All this was reinforced by the daily press conferences with the Prime Minister, the Director General of Health, and initially the Commissioner of Police, to make clear in the early stages where the true authority lay, and to become the sole and dominant means by which official information was conveyed. We were even told not to believe things that had not been stated at the press conference. As time has gone on, and the numbers of new cases have dwindled, so too has the relevance of this daily event, which should disappear altogether once Parliament resumes.

Far preferable and more accountable that the Prime Minister make her regular announcements to the House where she can be questioned with more precision than at a press conference, where she controls who asks the questions and any follow-up. That change alone will start the process of winding back the highly centralised and controlled nature of our Covid-19 response.

Of course, critical to this whole process of crisis management is there being an actual crisis to manage.

That has been clearly the case in places like the United States, Britain, Italy and Spain, for example, as the numbers of cases and deaths have been spiralling out of control and the public reaction has been one of desperate panic.

While the potential impact for New Zealand was just as serious, the perverse consequence of acting early to avert the extent of the crisis has been that the extremes seen overseas have been averted. But an inevitable consequence is that some now question whether there was ever a crisis here in the first place.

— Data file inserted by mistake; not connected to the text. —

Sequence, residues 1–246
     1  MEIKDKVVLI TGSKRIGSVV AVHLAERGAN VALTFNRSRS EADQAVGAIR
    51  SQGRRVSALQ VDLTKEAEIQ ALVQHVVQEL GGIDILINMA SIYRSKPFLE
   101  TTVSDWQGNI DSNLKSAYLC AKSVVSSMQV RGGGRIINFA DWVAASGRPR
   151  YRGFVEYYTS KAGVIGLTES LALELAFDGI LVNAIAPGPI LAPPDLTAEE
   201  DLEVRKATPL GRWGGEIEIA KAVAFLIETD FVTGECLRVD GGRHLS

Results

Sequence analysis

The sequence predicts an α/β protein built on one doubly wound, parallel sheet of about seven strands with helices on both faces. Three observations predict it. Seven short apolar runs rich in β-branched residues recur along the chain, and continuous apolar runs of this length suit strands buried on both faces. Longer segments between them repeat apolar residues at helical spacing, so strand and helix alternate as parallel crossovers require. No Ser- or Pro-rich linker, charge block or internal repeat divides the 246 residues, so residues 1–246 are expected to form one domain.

Yet it is a more than reasonable conclusion that without the actions taken, the number of cases here could have been at least 10 times higher than they are.

On relative population terms that would have been about on a par with the United States and Britain. Which is why in its public presentations the government has been treading a fine line between too much celebration of our unexpectedly low numbers and continued warnings of the need for ongoing vigilance. It will need to maintain that balance for some time to come.

Nowhere will the line be more tested than in the process of withdrawing from the various Alert Levels.

In many senses, that will be the hardest part of all.

Winding back the emergency regulations and structures will not occur overnight. That is why the exit process will be gradual, no matter the decline or even ultimate absence of cases.

The government will be reluctant to relax too much of the control structure built up in recent months but will have to adapt to doing so.

It will also have to be seen to be looking beyond the Covid-19 outbreak and shifting its future focus to the enormous economic and social restructuring that now lies ahead. So, it will have to reshape its narrative in the same clear way it did at the outset to meet the new situation.

In short, next week’s events will set off a further process of major adjustment for the government, just as it will for every other New Zealander, so pervasive has been the impact of Covid-19 to date.